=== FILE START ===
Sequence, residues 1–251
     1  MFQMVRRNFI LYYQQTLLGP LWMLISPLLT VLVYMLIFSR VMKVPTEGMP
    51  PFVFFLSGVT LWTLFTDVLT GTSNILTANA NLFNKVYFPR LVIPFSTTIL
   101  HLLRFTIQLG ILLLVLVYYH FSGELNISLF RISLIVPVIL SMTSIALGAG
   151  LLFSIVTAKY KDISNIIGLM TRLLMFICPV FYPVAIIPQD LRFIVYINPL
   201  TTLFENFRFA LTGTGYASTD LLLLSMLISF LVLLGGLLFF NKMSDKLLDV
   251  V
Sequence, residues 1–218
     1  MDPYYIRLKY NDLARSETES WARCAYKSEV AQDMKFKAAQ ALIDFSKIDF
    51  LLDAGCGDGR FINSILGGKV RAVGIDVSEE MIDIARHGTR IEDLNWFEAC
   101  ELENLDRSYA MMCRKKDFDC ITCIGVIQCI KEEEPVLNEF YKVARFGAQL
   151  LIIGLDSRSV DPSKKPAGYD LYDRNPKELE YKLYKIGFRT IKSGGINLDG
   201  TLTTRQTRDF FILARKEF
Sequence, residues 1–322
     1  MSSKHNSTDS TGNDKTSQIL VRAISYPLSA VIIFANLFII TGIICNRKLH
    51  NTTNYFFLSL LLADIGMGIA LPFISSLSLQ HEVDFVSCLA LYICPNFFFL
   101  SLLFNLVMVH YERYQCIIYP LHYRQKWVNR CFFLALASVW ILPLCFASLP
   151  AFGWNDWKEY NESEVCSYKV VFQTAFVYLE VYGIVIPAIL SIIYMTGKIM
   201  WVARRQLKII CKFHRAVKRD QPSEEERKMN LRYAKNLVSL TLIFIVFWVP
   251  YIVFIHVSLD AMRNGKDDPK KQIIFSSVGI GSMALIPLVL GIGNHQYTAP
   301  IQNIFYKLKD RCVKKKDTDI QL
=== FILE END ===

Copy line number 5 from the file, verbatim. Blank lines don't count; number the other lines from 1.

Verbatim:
   151  LLFSIVTAKY KDISNIIGLM TRLLMFICPV FYPVAIIPQD LRFIVYINPL